Engineered vascularized muscle flap

Dana Egozi, Yulia Shandalov, Alina Freiman, Dekel Rosenfeld, David Ben-Shimol, Shulamit Levenberg*

*Corresponding author for this work

Research output: Contribution to journalArticlepeer-review

6 Scopus citations


One of the main factors limiting the thickness of a tissue construct and its consequential viability and applicability in vivo, is the control of oxygen supply to the cell microenvironment, as passive diffusion is limited to a very thin layer. Although various materials have been described to restore the integrity of full-thickness defects of the abdominal wall, no material has yet proved to be optimal, due to low graft vascularization, tissue rejection, infection, or inadequate mechanical properties. This protocol describes a means of engineering a fully vascularized flap, with a thickness relevant for muscle tissue reconstruction. Cell-embedded poly L-lactic acid/poly lactic-co-glycolic acid constructs are implanted around the mouse femoral artery and vein and maintained in vivo for a period of one or two weeks. The vascularized graft is then transferred as a flap towards a full thickness defect made in the abdomen. This technique replaces the need for autologous tissue sacrifications and may enable the use of in vitro engineered vascularized flaps in many surgical applications.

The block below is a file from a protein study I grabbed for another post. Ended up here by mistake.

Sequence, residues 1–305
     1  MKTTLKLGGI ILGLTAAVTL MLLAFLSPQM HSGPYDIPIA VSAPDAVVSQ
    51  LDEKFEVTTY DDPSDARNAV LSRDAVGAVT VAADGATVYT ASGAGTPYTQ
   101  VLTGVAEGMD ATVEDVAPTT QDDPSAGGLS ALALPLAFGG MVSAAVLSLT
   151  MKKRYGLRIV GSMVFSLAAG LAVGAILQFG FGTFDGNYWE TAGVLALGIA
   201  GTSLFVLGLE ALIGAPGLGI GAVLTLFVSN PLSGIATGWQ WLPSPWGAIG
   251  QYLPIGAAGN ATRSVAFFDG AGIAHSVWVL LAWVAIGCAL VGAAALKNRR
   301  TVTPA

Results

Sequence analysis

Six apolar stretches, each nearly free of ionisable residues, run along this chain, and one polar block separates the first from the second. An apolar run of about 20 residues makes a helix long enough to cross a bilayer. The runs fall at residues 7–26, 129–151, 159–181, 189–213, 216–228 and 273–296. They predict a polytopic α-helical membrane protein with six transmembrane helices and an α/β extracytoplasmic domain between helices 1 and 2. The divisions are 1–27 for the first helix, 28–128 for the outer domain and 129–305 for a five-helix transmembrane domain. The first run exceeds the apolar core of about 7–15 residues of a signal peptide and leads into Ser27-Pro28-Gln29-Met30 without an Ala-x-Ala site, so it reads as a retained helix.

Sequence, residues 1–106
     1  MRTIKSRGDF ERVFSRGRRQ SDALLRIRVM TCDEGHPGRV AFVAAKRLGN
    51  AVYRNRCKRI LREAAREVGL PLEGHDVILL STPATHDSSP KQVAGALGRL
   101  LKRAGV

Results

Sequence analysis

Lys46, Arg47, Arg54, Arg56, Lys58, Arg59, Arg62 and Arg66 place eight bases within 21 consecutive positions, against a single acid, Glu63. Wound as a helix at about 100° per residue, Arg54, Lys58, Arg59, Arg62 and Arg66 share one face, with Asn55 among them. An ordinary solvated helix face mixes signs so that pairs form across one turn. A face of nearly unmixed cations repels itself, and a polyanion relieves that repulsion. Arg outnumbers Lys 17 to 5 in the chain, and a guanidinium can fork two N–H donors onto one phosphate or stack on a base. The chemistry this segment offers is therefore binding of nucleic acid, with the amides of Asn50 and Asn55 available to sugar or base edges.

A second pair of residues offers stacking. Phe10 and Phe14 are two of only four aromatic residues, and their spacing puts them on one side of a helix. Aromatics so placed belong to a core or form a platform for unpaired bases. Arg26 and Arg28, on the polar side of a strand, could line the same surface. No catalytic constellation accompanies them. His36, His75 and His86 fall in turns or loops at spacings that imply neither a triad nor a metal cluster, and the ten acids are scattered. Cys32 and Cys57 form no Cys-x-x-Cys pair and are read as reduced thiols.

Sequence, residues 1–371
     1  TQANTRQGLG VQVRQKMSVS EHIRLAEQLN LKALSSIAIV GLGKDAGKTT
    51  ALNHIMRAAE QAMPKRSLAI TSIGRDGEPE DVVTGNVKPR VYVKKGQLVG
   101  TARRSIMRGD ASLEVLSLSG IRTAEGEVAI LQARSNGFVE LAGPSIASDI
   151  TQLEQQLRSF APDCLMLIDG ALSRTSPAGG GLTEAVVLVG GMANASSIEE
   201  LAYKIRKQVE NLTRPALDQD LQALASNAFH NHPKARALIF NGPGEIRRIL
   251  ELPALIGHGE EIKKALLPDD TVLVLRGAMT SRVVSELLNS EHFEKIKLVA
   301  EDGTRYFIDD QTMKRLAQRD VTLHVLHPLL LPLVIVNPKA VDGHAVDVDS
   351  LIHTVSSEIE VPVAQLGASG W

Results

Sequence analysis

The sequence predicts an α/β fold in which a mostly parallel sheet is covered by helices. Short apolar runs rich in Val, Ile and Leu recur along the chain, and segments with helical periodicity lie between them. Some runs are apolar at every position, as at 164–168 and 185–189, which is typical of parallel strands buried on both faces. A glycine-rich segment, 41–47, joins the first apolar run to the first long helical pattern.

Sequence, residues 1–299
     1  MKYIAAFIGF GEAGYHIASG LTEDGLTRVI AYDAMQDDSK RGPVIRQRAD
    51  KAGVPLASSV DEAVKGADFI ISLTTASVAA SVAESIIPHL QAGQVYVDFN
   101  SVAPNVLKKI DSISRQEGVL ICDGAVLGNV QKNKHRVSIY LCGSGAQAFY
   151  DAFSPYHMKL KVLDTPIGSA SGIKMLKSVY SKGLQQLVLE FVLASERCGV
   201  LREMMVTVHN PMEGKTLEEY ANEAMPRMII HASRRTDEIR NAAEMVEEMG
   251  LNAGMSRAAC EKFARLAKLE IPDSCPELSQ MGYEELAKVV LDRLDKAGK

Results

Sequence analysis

Original languageEnglish
Article numbere52984
JournalJournal of Visualized Experiments
Issue number107
StatePublished - 11 Jan 2016
Externally publishedYes


  • Bioengineering
  • Flap
  • Issue 107
  • Mouse model
  • Muscle
  • Scaffold
  • Tissue engineering
  • Vascularization
  • Vascularized tissue


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